• Promote your event by sending emails to graduate program officers, posting flyers on departmental advertisement boards, and taking advantage of social media, such as Twitter and LinkedIn. When you confirm your keynote speaker and event dates, update the flyers so potential donors and attendees are kept up-to-date.
    • Figure out how to collect data, such as registrations before the event and feedback after the event.
    • Share updates on your funding efforts and confirmed speakers with donors and graduate programs. 
    • Reach out to the university communication and media department for media coverage or hire a photographer.
    • Create an event website, where you can post the event schedule and list of speakers and sponsors.

Two weeks before the event:

  1. For virtual or in-person events,
    • Reach out to your speakers with the final schedule and any other important information.
    • Assign tasks and share them with the organizers.  
  2. If you are hosting an in-person event,
    • Print essential documents (e.g., the booklets, name tags, and banners). 
    • Print the registrants list to keep track of who attended the event.
    • Inform your speakers about the transportation schedule
    • Exchange contact information with representatives of the venue, catering, photography, and IT.
    • Invite your speakers for dinner with the organizers the night before the event. This is a great way to break the ice and meet your speakers in person. 
  3. If you are hosting a virtual event,
    • Test your platform and troubleshoot any problems. 

On the day of the event:

  1. If you are hosting an in-person event,
    • Arrive at the event venue early, at least an hour before the event starts.
    • Test the equipment, including computers, projectors, pointers, and microphones.  
    • Set up your stations with name tags, banners, and booklets.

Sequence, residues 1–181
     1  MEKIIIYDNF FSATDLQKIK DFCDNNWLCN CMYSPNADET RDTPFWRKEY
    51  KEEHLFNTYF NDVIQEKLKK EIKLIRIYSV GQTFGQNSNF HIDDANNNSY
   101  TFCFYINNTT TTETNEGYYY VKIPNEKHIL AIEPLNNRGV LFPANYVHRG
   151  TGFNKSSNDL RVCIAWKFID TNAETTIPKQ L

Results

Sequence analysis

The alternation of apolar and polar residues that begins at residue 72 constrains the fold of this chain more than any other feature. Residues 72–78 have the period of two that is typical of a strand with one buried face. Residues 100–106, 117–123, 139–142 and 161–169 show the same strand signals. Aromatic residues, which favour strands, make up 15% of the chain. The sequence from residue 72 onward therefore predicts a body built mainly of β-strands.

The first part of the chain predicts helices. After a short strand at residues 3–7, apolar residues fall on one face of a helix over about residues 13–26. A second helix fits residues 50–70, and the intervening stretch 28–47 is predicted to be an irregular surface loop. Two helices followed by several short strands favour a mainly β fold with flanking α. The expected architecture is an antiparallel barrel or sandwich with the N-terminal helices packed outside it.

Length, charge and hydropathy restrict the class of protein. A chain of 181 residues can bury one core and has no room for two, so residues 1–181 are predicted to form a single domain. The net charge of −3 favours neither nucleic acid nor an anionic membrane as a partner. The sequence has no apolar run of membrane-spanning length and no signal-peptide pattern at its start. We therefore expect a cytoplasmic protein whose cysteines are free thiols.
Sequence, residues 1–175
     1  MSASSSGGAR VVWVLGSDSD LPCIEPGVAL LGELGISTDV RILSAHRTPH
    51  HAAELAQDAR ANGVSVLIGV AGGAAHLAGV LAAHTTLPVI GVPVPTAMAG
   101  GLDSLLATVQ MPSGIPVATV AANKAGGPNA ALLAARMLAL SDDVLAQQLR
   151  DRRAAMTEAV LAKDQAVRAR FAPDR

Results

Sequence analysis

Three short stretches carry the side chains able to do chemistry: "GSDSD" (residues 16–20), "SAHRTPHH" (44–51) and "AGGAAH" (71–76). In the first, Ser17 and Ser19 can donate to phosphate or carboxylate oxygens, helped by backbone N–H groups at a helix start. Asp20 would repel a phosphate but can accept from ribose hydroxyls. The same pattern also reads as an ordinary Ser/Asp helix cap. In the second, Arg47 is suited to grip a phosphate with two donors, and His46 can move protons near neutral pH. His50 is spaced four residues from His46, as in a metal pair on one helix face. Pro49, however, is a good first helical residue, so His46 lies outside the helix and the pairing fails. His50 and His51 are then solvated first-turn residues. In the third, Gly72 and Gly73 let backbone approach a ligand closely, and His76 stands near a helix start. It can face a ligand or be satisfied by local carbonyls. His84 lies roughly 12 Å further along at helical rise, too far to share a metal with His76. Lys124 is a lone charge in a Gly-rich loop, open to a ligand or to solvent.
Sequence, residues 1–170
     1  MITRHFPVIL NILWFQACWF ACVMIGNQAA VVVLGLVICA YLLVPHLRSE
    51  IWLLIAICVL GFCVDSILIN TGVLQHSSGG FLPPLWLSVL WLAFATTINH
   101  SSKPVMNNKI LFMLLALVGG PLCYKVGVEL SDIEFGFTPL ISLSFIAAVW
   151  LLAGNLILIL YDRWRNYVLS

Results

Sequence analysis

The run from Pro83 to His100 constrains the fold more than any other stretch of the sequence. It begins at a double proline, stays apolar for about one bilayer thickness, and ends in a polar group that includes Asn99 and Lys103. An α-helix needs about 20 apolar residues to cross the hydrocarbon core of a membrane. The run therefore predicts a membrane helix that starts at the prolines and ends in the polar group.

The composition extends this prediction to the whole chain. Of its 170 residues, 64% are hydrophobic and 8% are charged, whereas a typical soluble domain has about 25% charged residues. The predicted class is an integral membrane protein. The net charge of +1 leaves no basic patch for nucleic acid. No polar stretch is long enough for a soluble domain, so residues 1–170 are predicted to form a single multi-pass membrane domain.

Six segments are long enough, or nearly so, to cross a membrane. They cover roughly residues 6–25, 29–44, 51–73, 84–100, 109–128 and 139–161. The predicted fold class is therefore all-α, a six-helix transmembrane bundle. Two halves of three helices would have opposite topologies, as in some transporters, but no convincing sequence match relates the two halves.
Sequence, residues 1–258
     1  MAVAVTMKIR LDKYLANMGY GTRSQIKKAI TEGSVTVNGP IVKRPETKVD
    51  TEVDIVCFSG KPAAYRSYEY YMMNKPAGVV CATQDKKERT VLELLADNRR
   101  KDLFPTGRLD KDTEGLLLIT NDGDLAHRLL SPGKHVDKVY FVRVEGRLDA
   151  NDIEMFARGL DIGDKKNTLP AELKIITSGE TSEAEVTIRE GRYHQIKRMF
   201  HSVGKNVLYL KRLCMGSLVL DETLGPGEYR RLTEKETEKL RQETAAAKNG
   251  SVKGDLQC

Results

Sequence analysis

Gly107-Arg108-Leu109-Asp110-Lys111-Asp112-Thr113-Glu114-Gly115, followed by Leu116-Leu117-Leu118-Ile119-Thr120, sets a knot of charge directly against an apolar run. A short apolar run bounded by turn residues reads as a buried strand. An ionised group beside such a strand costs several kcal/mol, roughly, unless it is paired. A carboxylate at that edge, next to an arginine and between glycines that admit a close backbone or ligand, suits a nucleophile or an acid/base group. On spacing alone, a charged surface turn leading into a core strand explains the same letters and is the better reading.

• Keep in touch with the representatives from catering, the venue, photography, and IT department. 
    • Ensure your speakers are being taken care of throughout the event.
  2. If you are hosting a virtual event,
    • Connect to the platform an hour before the event starts.
    • Invite your speakers for a 10-minute meet and greet with the organizers.
    • Test the presentations and audio on the platform
    • Keep the IT representative updated as you go through the event.

Within two weeks after the event:

  1. Send a thank you email to all donors, speakers, and attendees for their support and attendance. 
  2. Reimburse your speakers in a timely manner. 
  3. Design and share a survey to gather feedback on the event. Analyze and store the data for future organizers to use. 
  4. Meet with your team one more time to gather their feedback and tie up any loose ends before wrapping up the symposium. 
  5. Make sure all of the documents (receipts, important contact points, funding spreadsheets, speakers list, email templates, etc.) are up-to-date and shared on Google Drive. These documents will be helpful for future organizers. 
  6. Deposit any leftover funds into your student organization financial account or into your department account under the symposium’s name.  

Want to learn more about SEARCH?

Overall, the University of Kansas SEARCH Symposia invited 53 diverse speakers, raised more than $40,000, and hosted more than 250 attendees. Our speakers represented a broad array of careers and employers, including the White House Office of Science and Technology Policy, the Estée Lauder Companies, and Boehringer Ingelheim Animal Health, who introduced our attendees to the wide variety of careers possible after completing their graduate studies at the University of Kansas. 

We would like to acknowledge the SEARCH symposia organizers, without which the events would not have happened. We also would like to thank our donors, including the Genetics Society of America, and sponsors who financially supported our events.


U.S. postdoctoral careers in life sciences, physical sciences and engineering: Government, industry, and academia – PMC

Graduate student and postdoctoral leaders from the Early Career Scientist Committees of the GSA.